Because Anki does not have official partnerships with publishers or content experts, you might not know if you can "trust" the flashcards you find in its marketplace. Just make sure you know the creator of the flashcards well so you can gauge if they are accurate, up-to-date, or comprehensive for the goal you are studying for. It may take some trial-and-error to find the flashcards that are right for you.
App 3: Quizlet
Quizlet is also a very popular flashcard app with pre-created card decks on topics like medical terminology, conditions, and abbreviations. There’s a huge range of user-created flashcards in Quizlet's marketplace, and you can also create your own.
Most of the content in Quizlet is user-generated and in the form of independent "study sets", rather than a complete progressive curriculum (like you might find in, say, Brainscape). Because of this, it might take a significant amount of research to compile the best and most accurate user-generated study sets for the goal you are shooting for, and there might be a lot of overlap between the different users' content that you combine together.
But you will at least have fun with it. Because Quizlet content is confined to just vocabulary words, where the data input is in the form of "term" and "definition" (or diagram parts to be labeled), this allows Quizlet to turn content into score-able games like multiple-choice, matching, and fill-in-the-blank. The downside of this limitation is that Quizlet does not easily support broader types of content like longer text-based questions answers.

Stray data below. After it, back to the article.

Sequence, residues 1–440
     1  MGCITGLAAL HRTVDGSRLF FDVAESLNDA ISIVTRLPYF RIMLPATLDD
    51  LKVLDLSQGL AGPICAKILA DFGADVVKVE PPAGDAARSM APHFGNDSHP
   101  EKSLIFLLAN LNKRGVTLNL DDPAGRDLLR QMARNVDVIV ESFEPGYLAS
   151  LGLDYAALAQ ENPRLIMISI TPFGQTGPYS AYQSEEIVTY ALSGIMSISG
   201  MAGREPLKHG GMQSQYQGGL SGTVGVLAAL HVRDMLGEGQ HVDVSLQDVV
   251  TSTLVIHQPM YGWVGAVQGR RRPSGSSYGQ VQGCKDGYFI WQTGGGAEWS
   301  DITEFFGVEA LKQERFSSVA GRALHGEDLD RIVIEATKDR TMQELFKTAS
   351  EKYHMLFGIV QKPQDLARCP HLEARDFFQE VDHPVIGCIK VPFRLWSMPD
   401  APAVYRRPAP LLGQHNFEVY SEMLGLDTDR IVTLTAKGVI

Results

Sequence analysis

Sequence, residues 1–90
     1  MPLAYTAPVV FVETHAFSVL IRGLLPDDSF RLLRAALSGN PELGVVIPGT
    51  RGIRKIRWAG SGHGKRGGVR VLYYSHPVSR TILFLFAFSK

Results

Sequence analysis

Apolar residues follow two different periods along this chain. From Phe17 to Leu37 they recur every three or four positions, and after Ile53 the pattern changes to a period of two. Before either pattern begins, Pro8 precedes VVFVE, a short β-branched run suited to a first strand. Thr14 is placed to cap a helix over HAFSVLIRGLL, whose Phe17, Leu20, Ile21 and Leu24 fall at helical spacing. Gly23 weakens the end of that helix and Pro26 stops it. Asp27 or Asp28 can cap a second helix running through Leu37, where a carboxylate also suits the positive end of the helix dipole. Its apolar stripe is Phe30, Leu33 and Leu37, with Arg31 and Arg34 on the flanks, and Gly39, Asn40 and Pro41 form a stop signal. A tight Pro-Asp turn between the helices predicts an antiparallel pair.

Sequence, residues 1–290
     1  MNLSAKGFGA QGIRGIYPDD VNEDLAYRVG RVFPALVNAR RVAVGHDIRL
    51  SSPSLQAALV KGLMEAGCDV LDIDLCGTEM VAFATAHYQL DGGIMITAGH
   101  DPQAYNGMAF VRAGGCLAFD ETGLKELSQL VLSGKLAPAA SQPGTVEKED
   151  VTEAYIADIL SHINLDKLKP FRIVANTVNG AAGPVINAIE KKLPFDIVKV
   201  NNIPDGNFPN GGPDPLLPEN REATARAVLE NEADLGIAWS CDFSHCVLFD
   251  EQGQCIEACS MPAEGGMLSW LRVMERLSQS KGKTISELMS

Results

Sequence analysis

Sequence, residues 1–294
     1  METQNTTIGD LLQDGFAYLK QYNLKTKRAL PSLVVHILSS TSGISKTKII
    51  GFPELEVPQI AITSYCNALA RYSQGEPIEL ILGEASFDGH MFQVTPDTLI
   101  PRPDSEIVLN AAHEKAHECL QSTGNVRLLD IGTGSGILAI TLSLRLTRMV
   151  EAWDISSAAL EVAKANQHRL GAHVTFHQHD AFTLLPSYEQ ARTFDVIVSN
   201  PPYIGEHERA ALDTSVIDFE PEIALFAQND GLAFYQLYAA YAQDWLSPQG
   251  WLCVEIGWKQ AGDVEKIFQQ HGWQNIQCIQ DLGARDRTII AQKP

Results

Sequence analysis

Bottom line: If you are looking to make your medical vocab studying more fun, Quizlet may be the app for you. If you are looking for a more effective study app that will help you learn a broader type of medical content in less time, go with Brainscape.
The best medical apps for learning and practicing medicine
The apps below are created both for medical students and qualified physicians. They’re great as references, networks, and information storehouses. However, they may not be as beneficial a tool as Brainscape for efficiently absorbing the huge amount of information required to pass your USMLE, MCAT, or NCLEX.
App 4: MDCalc Medical Calculator
Being a doctor requires you to know a boatload of formulas, calculations, and equations, which is where MDCalc can make life a whole lot easier. The app contains 500+ clinical decision tools including:
- Risk scores
- Dosing calculators
- And more ...
MDCalc helps you juggle the many different medical formulas you’ll need to make good decisions and recommendations for patient care. Formulas like: the pregnancy wheel, dermatome map, eye chart, and growth velocity. The clinical decision tools are designed to support 35+ medical specialties.
More importantly for study purposes, MDCalc not only gives you the formulas and calculators, the app also contains a summary of why each one important and how/why it’s used, as well as links to reference articles and studies to help support your understanding and decision making.
App 5: Prognosis
As a doctor, you’re often the key decision-maker in the room. And with so much at stake, it’s incredibly important to leverage every diagnostic tool at your disposal so that you can make good clinical decisions.